Craig Blackmon

With more than 20 irregularly shaped facets, the folded-plate roof and canopy created a number of design challenges, Richter says. The roof is supported by a series of approximately 20-foot-long, steel C-channel joists that tie into the building’s load-bearing concrete masonry unit structure and the atrium’s pressure-glazed curtain wall sash system, framed in weathered steel tubing that soars up to 20 feet tall. Inside, the roof’s sharp undulations are expressed in a white, perforated gypsum board ceiling. Outside, the canopy’s plywood decking is topped with a PMMA membrane while a fiber-cement fascia and earth-toned plaster soffit reinforce the building’s connection to the natural forces of uplift and accretion.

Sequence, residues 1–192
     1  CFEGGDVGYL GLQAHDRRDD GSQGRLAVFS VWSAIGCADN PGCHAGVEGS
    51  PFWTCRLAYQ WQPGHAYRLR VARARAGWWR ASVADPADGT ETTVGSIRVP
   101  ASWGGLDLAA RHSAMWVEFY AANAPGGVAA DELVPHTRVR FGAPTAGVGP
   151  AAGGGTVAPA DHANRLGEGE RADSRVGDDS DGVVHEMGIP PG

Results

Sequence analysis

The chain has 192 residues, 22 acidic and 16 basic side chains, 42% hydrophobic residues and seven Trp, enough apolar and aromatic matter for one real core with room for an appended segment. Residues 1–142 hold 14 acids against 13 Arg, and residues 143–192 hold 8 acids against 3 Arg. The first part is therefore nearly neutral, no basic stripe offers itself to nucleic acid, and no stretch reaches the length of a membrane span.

Cantilevering the canopy up to 8 feet past the curtain wall to evoke the sense of a floating landform was particularly complex. Richter Architects worked with the Dallas office of JQ Engineering to design a continuous, welded steel tube beam that traces the roof’s dramatic contours and tucks above the head of the curtain wall.

Recessing the beam into the roof cavity presented a structural conflict with the intersecting steel joists, which visually appear to run continuously across the curtain wall. “They can’t occupy the same space,” Richter says. To resolve the issue, the design team stitched each joist to the beam using two 18-gauge steel plates. The plates, which are 18 inches long, attach to the top and bottom flanges of the joists, span the intervening beam, and are secured on either side with five #10 screws. Three inches of rigid insulation on the outboard face of the beam reduce thermal transfer.